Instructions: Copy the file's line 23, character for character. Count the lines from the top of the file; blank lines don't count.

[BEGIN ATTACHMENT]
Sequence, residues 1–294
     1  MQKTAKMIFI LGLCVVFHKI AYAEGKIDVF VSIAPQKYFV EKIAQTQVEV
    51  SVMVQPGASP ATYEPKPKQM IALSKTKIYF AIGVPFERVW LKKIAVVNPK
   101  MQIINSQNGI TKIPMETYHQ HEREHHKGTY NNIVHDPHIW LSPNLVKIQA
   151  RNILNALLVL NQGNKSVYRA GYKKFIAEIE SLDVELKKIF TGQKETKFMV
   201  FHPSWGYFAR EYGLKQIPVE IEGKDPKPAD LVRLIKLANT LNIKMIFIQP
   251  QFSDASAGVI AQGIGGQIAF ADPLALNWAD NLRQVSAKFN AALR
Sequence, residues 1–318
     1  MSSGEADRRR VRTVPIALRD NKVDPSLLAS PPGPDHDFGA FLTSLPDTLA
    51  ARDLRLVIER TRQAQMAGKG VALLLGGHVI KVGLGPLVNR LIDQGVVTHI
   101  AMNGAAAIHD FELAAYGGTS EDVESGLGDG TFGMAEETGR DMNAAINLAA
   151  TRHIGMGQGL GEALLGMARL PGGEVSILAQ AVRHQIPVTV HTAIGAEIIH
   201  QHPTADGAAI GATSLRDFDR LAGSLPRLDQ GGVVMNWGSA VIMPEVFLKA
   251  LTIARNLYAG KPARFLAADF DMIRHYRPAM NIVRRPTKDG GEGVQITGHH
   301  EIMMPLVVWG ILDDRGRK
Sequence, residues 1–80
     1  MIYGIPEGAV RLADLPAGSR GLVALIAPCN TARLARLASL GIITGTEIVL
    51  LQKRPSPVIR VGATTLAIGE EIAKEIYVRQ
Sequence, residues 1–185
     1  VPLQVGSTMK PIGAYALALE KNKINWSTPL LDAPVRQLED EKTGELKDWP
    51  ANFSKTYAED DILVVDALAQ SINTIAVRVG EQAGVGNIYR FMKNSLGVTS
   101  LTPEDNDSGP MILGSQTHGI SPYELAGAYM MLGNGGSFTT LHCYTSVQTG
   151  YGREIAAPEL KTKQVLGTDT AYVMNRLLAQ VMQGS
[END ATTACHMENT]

   151  YGREIAAPEL KTKQVLGTDT AYVMNRLLAQ VMQGS